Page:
Users can also modify the Wildcard search method by using a wildcard character in the search string.

Example:

Entering the value 123%

Results in the following select statement:

SELECT * from WORKORDER where WONUM like '123%';

This will allow the use of indexes since there is not a leading wildcard on the search value.

When the default search method is Wildcard users should be encouraged to use "=" in front of, or a wildcard in all search values unless absolutely necessary. Since it is common for users to forget to enter these values, IBM commonly recommends changing the default search methodology to Exact

Wildcard searches include % (percent sign) at the beginning and end of each search value.

If a user is searching for a record that contains "Boiler" a value of "Boiler" may be entered and all records where the specified column contains the word "Boiler" will be found including "Boiler", "Boilers", "Boiler is overheating", "The Boiler" and "When the Boilers are on". This method is the most inefficient search. Indexes cannot be used with this search approach and each record from the table must be read and searched for the value. Users should avoid this search method whenever possible.

If a user is searching for a record that starts with "Boiler," a value of "Boiler%" may be entered and all records where the specified column starts with the word "Boiler" will be found including "Boiler" and "Boilers". This search method is the same as employing the Exact search method and appending a "%" to the search value.

Out of the box, Maximo uses the Wildcard search for all character fields shorter than twenty-six (26) characters. It is a best practice to consider changing the default search method to Exact when concurrent usage is greater than 50 users.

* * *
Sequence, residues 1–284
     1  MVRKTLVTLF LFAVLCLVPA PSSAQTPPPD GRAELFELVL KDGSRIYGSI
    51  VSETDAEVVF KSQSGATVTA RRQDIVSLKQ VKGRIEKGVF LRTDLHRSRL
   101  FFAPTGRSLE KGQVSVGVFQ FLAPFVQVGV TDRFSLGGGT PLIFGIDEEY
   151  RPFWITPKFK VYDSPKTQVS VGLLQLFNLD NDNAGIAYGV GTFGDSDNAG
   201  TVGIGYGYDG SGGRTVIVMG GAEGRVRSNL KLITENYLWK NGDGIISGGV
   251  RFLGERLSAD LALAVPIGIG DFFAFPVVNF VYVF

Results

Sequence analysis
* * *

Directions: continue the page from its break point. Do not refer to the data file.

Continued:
Note: When saved queries are created with the default wildcard search method, saved queries are saved with the leading wildcards. These queries must be modified manually after changing the default search method.

Changing the default search method of fields

Each field in Maximo has a default search method associated with it. The default Out of the box approach is Wildcard for character fields under 26 characters and Text for character fields over 25 characters. The type of search associated to a field can be viewed or modified in two ways:

Through the Maximo user interface, one field at a time. Refer to Administering Maximo Asset Management in the IBM Knowledge Center for more information on this approach. Links for the guides: Maximo 7.6 and Maximo 7.5.

Mass updates of the maxattribute table:

Shut down the Maximo Application Server(s)

Execute the following two updates against the Maximo schema via an interactive SQL utility.

update maxattribute set searchtype = 'EXACT' where searchtype = 'WILDCARD'
update maxattributecfg set searchtype = 'EXACT' where searchtype =
'WILDCARD'

Start the Maximo Application Server(s).


For more information on database text indexes, review the Oracle Text Reference Guide.

Date searches are not a specific type of Maximo search methodology and are not covered by this document. However; there are technotes for Oracle and Microsoft SQL Server which cover specific SQL syntax related to date searching. Date queries can become quite complex and it is recommended that collaboration with a DBA be included in the planning of date searches.

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Document Information

Modified date:
17 June 2018

UID

swg21375684